Researchers at Weill Cornell Medicine-Qatar (WCM-Q) discovered that an existing malaria drug could improve the effectiveness of a new class of cancer therapies, called glutaminase inhibitors, if used in combination.

The research, led by Dr Anna Halama and Dr Karsten Suhre, analysed the metabolic processes of cancer cells to show that the quinine-based malaria drug Chloroquine could boost the effectiveness of glutaminase inhibiting drugs, which are currently being developed by global pharmaceutical companies.

Useful Insights

Inhibition of glutaminolysis with C.968 causes general metabolic adjustments. A) OPLS reveals time- and dose-dependent separation between groups. B) OPLS loading plot shows contribution of different metabolic classes to the separation.

Glutaminase inhibitors target a chemical process called glutaminolysis, in which the amino acid glutamine is broken down, releasing energy that cancer cells use to grow. Glutaminase inhibitors seek to disrupt this process, thereby depriving cancer cells of their energy source and slowing or stopping their growth. However, certain cancer cells can activate alternative ways to generate energy and thereby escape the drug’s action. This is where a new research approach called ‘rational metabolic engineering’ comes in.

According to Dr Halama, a Research Associate in Physiology and Biophysics, they expose cancer cells grown in the laboratory to different doses of an anti-cancer drug and then measure the changes in almost all of the small molecules that are present in the cells, using a technique called metabolomics. Using sophisticated computational methods, they then identify the molecules that the cancer cells are using to escape the drug’s actions, and conceive ways to block the escape route.

In this first application of our new approach to glutaminase inhibitors, our research focused on two specific energy pathways that cancer cells use: lipid catabolism, which is the breakdown of fats, and autophagy, in which cells derive energy by degrading parts of their own structure.’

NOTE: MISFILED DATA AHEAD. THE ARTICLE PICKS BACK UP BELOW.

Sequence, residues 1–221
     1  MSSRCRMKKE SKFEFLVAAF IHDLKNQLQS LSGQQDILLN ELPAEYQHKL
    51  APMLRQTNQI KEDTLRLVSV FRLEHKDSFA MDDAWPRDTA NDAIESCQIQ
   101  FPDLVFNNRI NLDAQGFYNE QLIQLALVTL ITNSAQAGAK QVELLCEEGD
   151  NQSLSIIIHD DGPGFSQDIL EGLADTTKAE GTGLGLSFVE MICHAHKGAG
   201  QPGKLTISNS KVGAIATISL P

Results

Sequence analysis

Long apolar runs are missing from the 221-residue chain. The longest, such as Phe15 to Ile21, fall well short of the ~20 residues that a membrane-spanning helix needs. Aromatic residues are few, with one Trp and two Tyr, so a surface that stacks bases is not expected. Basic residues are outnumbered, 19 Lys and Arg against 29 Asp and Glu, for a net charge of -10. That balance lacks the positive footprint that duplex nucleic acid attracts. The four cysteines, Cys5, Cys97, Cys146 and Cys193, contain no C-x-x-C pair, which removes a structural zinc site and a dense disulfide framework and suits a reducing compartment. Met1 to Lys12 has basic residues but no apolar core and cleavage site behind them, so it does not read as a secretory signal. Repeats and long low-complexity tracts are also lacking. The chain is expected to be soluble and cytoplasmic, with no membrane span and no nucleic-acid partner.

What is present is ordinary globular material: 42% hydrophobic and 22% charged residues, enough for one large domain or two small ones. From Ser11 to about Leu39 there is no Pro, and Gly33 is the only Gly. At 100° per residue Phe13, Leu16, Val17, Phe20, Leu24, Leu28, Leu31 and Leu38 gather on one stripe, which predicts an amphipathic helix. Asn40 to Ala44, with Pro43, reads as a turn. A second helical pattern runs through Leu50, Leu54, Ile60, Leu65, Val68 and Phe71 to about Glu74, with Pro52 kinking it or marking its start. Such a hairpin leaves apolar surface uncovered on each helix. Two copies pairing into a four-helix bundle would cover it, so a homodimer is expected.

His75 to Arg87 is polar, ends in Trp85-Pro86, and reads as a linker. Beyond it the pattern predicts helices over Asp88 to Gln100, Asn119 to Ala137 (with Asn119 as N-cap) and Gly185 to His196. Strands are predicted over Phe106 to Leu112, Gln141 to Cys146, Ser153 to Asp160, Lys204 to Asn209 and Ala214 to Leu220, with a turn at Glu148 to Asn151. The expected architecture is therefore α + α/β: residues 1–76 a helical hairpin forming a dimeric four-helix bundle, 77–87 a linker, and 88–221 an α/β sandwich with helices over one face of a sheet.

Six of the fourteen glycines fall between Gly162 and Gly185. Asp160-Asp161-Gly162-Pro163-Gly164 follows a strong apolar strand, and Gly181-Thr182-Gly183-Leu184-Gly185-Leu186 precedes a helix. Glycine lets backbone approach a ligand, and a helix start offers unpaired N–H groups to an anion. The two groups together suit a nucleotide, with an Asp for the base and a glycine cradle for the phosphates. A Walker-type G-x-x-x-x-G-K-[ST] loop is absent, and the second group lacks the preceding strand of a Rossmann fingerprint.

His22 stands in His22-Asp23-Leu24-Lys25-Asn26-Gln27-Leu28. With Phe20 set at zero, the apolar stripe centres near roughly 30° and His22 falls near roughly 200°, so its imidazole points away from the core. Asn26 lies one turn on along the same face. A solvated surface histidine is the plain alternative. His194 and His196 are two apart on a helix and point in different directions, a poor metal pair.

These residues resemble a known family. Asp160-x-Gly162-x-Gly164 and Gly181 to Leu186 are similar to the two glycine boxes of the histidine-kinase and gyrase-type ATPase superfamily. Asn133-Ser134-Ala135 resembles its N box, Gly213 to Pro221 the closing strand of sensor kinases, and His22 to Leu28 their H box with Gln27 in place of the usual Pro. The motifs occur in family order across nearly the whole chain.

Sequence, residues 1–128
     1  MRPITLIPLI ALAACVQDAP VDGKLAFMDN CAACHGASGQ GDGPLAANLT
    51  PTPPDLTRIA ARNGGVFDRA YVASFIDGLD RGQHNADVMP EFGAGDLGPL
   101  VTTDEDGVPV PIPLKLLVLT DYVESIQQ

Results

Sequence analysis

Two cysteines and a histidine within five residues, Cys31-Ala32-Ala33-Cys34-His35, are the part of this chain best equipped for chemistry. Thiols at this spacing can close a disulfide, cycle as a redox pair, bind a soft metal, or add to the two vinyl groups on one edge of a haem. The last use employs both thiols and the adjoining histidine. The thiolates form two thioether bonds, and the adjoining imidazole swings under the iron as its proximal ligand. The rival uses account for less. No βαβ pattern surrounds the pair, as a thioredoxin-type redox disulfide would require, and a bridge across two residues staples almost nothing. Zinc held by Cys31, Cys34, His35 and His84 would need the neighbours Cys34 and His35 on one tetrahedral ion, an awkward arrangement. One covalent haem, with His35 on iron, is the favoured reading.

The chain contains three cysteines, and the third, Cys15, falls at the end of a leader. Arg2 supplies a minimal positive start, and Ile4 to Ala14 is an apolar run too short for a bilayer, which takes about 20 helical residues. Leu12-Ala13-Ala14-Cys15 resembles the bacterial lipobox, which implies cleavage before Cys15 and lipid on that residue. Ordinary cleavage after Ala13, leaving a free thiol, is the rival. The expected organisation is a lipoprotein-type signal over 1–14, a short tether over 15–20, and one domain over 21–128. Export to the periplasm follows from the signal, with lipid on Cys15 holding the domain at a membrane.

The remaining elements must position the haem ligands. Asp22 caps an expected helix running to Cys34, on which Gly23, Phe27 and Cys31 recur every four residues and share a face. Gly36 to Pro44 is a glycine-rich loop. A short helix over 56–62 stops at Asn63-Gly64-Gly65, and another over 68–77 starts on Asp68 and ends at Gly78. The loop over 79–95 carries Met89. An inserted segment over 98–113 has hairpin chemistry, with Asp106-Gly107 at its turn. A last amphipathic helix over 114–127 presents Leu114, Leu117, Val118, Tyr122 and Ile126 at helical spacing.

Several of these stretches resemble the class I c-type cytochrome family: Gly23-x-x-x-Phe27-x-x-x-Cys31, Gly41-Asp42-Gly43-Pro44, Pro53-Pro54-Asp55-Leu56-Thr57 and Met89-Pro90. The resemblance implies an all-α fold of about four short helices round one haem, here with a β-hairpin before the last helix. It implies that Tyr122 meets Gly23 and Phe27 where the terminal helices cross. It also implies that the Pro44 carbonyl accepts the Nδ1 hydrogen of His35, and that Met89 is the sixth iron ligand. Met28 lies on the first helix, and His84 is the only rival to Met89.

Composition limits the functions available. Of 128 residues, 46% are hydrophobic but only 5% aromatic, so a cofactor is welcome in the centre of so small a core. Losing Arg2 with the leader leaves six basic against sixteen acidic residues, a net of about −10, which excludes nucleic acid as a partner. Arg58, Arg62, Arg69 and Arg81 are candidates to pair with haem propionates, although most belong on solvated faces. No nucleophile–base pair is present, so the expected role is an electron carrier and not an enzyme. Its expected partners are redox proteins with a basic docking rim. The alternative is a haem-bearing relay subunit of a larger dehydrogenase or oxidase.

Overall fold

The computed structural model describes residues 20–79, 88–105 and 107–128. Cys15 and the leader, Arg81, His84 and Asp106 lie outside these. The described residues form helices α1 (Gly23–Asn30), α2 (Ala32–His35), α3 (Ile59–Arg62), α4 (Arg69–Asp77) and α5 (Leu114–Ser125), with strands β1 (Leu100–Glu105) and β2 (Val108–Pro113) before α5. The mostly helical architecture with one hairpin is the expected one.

She said that both energy pathways were accelerated when the glutaminolysis pathway was suppressed with drugs, and that this allowed the cancer cells to survive. Since the anti-malaria drug Chloroquine is known to disrupt some of these energy-producing mechanisms, the research prompted them to theorise that giving Chloroquine in combination with the glutaminase inhibiting drugs could lead to an improved suppression of tumor cells, which turned out to be the case.

Dr Suhre, Professor of Physiology and Biophysics, and Director of the Bio Informatics Core at WCM-Q, is one of the world’s leading metabolomics experts. He said that the beauty of metabolomics profiling is that it shows how the cell’s metabolism behaves in different situations and with a very high level of detail.

With this method, we can get very useful insights into the effects a drug has on the metabolism of tumor cells, helping us to understand how the disease works and to identify targets for potential new treatments.’

Cancer Letters

The paper, entitled ‘Accelerated lipid catabolism and autophagy are cancer survival mechanisms under glutaminolysis inhibition’, has now been published in Cancer Letters, a highly regarded international medical journal.

This research could have significant clinical implications, as Chloroquine is an existing drug therapy that has been approved by the Food and Drug Administration in the US for many years, potentially offering doctors and researchers a relatively simple way to improve treatment outcomes for cancer patients who receive glutaminase inhibitors in their treatment.

Dr Halama said that the combined approach used in this study is uniquely relevant for future therapeutic strategies in cancer treatment and can be easily generalised to other drugs. The next important step, she said, is to test the efficacy of Chloroquine in combination with glutaminolysis inhibitors in a clinical trial.

The study was fully supported by Qatar National Research Fund and can be found here:

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